The heart of the monarch’s range is the midwestern “Corn Belt,” where most of the world’s monarchs are born on milkweed plants growing in agricultural fields. Because of the ubiquitous spraying of Roundup on corn and soy that have been genetically modified to resist herbicides, the monarch is in bad trouble in the core of its range, where its sole host plant, milkweed, is disappearing. In a one-two punch, climate change is undermining the stable weather conditions and predictable flowering seasons that monarchs need to complete their migration. Climate change also threatens these butterflies’ overwintering habitat in the mountain forests of Mexico. Just as Joshua Tree National Park will soon no longer support Joshua trees, the International Monarch Reserve in Mexico is expected to become climatically unsuitable for monarchs by the end of the century.
Because of all this and more, the Center petitioned to protect monarchs under the Endangered Species Act in August 2014. In December, the U.S Fish and Wildlife Service declared the species may warrant protection.

Monarchs’ decline is a harbinger of widespread environmental change. The plummeting population of this familiar butterfly, along with the decline of many other butterflies and bees, threatens the wellbeing of people as well, because the food security of humans is dependent on the ecological services that pollinators provide.  History shows a tragic record of the unexpected decline of abundant and widespread species. Complacency and false-positive assumptions about the resiliency of once-common species can have tragic consequences when timely action is not undertaken to safeguard their populations. The migration of the monarch butterfly is at risk of being lost unless humans take rapid action to protect it.

Create A Wildlife-Friendly Yard (CWFY) is dedicated to saving the Monarch Butterfly. We want to hear from you! Press HERE to contact us.

Monday, March 2, 2015


     I received a letter from the Center for Food Safety which stated that today (Monday, 3/02/15) is the last day for public comment regarding protecting monarch butterflies under the Endangered Species Act. The U.S. Fish and Wildlife Service now has nine months to determine whether to propose protections for the iconic orange and black butterfly, which has declined by 90 percent in the last 20 years.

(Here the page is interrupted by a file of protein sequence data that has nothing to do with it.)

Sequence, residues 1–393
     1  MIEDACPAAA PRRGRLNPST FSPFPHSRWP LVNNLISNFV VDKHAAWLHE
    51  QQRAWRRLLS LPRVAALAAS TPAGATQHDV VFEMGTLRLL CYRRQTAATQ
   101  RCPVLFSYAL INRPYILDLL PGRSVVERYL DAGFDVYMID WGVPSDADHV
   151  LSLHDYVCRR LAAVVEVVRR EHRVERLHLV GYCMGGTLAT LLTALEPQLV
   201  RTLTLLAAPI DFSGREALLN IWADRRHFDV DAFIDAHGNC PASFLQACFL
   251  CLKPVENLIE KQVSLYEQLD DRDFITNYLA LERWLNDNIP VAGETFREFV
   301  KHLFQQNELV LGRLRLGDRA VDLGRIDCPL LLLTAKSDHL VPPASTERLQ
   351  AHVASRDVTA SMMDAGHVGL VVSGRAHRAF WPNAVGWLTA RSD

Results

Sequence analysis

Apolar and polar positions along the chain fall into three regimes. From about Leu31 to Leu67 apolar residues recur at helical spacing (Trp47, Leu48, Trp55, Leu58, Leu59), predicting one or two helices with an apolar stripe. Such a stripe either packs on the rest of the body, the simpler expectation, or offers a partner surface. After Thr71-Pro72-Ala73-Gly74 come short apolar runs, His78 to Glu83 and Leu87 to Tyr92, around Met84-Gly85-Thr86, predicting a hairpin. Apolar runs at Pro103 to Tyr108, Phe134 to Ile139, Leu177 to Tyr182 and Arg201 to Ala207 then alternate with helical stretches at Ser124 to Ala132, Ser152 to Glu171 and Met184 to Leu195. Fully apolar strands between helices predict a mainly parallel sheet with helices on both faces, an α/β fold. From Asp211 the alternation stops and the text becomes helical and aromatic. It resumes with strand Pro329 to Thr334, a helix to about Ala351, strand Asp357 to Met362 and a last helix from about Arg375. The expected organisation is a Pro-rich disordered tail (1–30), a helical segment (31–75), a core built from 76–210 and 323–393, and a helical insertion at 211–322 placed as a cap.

The agency’s review of the monarch was spurred by a legal petition filed in August by the Center for Food Safety, the Center for Biological Diversity, the Xerces Society and renowned monarch scientist Dr. Lincoln Brower, all of whom submitted comments today renewing their call for the agency to list the monarch butterfly as threatened. In December the Service announced a positive initial finding on the petition and determined that Endangered Species Act protection for monarch butterflies may be warranted, triggering a one-year status review.
     The petition has been resoundingly supported by monarch experts, legislators, and the public. Over 40 leading monarch scientists and ecologists and more than 200 organizations and businesses sent letters to the agency urging federal protection for the monarch in November. Support from the general public has also been widespread, with over half a million signatures delivered in person today to FWS. Representative Chellie Pingree (D-ME) has also led a Dear Colleague letter in Congress in support of the ESA petition.
     As detailed in a new report from Center for Food Safety, the butterfly’s dramatic decline is being driven in large part by the widespread planting of genetically engineered crops in the Midwest, where most monarchs are born. The vast majority of genetically engineered crops are made to be resistant to Monsanto’s Roundup herbicide, a potent killer of milkweed, the monarch caterpillar’s only food. The dramatic surge in Roundup use with Roundup Ready crops has virtually wiped out milkweed plants in Midwestern corn and soybean fields. In the past 20 years it is estimated that these once-common iconic orange and black butterflies may have lost more than 165 million acres of habitat — an area about the size of Texas — including nearly a third of their summer breeding grounds.